(Table/Fig 2) HRCT: Pleural thickening in the apical segment of left upper lobe and scattered ground glass attenuation in apical basal segment of both lower lobes
Based on these clinical findings and laboratory results, the patient was diagnosed to have chronic thromboembolic pulmonary artery hypertension with deep vein thrombosis due to protein S deficiency. The patient was started on warfarin 5mg daily and sildenafil 25mg daily.
PS deficiency may be quantitative or qualitative. The prevalence of hereditary PS deficiency in the general population remains largely unknown, probably because of its rarity and the difficulty of a correct diagnosis. However, a study in 3788 healthy Scottish blood donors showed a prevalence of hereditary PS deficiency ranging from 0.03% to 0.13%.(4) PS deficiency can be genetic (hereditary) or acquired.
(Table/Fig 3): CECT -CHEST
Pulmonary artery thrombosis of left lower lobe segmental and interlobar artery
In 1984, the first clinical report on PS deficiency as a risk factor for venous thromboembolism (VTE), was published.(5) Homozygous or compound heterozygous PS deficiency, though extremely rare, usually presents neonatally with massive VTE or purpura fulminans. Without treatment, this will be most likely to be lethal. Heterozygous PS deficiency is an established risk factor for VTE, but with incomplete and variable penetrance. The timing of presentation is usually before 50 years of age and the life-time risk of VTE is similar in men and women. However, probably because of the use of oral contraceptives and pregnancy or puerperium, PS-deficient women seem to be at a greater risk of developing VTE early in life (<30 years) as compared with PS-deficient men(2).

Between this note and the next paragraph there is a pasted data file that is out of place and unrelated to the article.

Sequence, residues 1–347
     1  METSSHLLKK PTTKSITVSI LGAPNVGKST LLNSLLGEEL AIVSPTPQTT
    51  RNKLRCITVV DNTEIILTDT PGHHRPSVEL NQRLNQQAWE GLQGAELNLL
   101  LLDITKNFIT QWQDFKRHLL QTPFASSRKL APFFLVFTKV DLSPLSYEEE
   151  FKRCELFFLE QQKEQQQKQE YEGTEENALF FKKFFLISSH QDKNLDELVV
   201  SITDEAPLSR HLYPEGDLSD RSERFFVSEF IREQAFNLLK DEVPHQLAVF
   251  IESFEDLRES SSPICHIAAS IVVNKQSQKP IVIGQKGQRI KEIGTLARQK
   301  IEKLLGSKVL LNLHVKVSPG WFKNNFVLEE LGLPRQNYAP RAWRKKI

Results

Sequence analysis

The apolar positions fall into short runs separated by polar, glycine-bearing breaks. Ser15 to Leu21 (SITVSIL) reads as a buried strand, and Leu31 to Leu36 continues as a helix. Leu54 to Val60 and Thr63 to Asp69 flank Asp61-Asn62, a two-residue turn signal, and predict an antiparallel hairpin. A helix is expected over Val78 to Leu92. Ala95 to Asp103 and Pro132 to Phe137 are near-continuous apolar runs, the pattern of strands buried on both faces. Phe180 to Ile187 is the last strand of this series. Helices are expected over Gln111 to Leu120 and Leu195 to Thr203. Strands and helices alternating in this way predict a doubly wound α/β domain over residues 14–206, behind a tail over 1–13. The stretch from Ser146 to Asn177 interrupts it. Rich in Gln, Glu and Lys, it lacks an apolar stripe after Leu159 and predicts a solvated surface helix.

(Table/Fig 4): CECT -CHEST
Pulmonary artery thrombosis of left lower lobe segmental and interlobar artery
The acquired causes of protein C and S deficiencies are seen in acquired illnesses like liver disease, DIC, therapy with L-asparaginase and coumarin and acute severe bacterial infections, etc. The homozygous variety is rare and these patients have neonatal purpura fulminans(2).
Clinically, patients with protein C and S deficiencies are at an increased risk for venous thromboembolism (VTE), occasional arterial thrombosis, neonatal purpura fulminans, childhood stroke and even portal vein thrombosis. Women may have foetal loss as their only manifestation. 25% of the patients may experience arterial thrombosis, including stroke. Mortality is caused usually due to pulmonary embolism.(6),(7)